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Used soda bottles light up the world – for free

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AFP Photo/Jay Directo/Getty Images/Newscom

(Read caption) Children play in an alley in an overcrowded slum in Manila. Makeshift homes are often dark and windowless. An inexpensive soda bottle light can spread sunlight throughout a room, the equivalent of burning a 50-watt light bulb.

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Water, a little bleach, and a plastic bottle are all Filipino entrepreneur Illac Diaz needs to light up the world. He's out to make lighting free and safe, one slum at a time.

Until now, nearly three million people in the Philippines have gone without electricity, according to philstar.com. Those with access often use unsafe or illegal technology, creating disastrous effects. For example, 2,520 electricity-related fires were reported in 2009. In the Philippines, through the My Shelter Foundation, Diaz is implementing Solar Bottle Bulbs to diminish these problems.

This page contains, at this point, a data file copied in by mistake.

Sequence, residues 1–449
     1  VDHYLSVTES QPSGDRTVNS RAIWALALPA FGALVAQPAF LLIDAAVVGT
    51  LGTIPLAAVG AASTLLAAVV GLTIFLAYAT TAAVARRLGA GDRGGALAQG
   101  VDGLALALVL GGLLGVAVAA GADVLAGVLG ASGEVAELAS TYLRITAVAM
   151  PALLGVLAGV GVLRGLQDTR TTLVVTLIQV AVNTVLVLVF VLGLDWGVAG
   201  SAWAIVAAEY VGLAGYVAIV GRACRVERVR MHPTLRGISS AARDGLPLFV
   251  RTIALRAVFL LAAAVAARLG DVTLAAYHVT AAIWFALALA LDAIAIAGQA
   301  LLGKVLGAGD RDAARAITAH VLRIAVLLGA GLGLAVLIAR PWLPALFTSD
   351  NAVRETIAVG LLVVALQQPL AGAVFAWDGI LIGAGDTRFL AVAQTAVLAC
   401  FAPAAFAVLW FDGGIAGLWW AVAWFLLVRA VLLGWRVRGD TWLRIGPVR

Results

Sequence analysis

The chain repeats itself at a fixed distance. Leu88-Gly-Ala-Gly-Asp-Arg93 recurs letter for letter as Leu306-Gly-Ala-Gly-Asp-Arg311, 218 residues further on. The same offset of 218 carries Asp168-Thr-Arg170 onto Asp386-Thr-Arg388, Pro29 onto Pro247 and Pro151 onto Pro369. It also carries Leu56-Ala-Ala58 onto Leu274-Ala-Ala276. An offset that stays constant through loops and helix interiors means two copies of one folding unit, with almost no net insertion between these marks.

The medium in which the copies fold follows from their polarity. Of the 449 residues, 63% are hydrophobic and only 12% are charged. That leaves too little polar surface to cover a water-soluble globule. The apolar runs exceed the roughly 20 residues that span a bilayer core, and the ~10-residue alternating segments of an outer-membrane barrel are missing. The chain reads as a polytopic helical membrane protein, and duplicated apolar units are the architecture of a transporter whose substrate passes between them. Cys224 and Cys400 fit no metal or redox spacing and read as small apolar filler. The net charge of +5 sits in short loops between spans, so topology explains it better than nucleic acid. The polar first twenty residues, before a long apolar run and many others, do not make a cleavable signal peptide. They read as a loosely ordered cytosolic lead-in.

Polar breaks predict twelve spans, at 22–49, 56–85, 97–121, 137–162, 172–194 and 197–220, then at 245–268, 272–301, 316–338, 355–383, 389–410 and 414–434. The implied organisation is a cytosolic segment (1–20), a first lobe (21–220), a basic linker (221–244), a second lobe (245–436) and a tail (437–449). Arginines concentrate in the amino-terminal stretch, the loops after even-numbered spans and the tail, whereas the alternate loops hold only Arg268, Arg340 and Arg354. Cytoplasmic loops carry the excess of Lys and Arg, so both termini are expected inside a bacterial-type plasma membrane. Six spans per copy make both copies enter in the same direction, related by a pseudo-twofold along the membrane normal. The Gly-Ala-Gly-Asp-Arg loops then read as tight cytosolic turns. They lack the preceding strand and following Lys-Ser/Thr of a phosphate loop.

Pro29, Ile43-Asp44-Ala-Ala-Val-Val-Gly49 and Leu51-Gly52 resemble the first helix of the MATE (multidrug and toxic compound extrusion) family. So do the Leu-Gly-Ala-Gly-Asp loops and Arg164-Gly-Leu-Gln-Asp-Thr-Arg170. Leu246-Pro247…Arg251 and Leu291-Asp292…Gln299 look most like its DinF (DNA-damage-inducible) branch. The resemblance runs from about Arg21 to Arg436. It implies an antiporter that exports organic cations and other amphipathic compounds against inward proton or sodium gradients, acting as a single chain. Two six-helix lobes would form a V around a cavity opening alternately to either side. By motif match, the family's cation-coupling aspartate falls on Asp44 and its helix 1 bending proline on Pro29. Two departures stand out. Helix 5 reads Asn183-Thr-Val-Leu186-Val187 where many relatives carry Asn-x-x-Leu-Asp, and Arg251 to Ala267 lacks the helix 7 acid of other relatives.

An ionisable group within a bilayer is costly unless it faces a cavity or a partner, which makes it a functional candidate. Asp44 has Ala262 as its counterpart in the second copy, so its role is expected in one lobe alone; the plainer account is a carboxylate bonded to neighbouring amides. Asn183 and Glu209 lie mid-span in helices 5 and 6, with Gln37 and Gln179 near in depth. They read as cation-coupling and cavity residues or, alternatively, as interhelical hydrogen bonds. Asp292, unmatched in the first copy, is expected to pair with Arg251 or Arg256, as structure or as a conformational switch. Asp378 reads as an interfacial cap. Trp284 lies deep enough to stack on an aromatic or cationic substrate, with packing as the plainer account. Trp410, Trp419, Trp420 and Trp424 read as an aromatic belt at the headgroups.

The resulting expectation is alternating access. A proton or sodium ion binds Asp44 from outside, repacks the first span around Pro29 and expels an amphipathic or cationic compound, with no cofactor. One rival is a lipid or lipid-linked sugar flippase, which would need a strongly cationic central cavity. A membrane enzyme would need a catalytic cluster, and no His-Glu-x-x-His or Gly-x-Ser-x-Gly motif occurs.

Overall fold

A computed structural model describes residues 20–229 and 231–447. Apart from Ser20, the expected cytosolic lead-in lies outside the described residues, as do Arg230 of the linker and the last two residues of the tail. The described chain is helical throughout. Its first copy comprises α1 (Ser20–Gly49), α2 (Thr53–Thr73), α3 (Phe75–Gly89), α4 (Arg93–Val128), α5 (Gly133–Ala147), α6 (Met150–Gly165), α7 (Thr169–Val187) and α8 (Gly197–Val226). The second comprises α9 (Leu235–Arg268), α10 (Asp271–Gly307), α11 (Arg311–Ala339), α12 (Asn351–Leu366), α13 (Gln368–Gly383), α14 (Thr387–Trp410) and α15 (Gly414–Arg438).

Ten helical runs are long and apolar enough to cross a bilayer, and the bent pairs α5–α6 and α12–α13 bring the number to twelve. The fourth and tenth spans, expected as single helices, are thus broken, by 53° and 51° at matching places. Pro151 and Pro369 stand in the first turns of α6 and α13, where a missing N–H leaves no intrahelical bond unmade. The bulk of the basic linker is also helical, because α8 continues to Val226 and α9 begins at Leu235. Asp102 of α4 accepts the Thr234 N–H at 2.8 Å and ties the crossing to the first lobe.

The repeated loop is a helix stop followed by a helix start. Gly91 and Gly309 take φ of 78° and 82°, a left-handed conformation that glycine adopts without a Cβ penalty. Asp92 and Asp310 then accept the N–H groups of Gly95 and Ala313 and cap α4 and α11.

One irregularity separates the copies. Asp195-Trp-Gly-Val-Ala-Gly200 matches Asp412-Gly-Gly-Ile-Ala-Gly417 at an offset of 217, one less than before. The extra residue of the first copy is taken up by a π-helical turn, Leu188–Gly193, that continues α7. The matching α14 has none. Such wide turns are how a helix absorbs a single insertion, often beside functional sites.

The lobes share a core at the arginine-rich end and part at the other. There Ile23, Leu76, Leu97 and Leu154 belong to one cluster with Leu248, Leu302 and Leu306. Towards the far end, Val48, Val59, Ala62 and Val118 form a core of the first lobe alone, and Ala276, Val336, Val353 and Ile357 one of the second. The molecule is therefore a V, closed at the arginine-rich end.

A used plastic bottle filled with water and a touch of bleach is placed in a hole of a tin roof. For up to five years, 50 watts of light fill up a once-gloomy windowless shack any time the sun is out, Mr. Diaz told Reuters.

Although WattWatt.com reports that the idea originally started with mechanic Alfredo Moser of Brazil, who used the creation locally, Diaz is attempting to spread it worldwide. Using a student design created at the Massachusetts Institute of Technology, Diaz has brought the appropriate technology farther with his two-hour seminar about the simple product.

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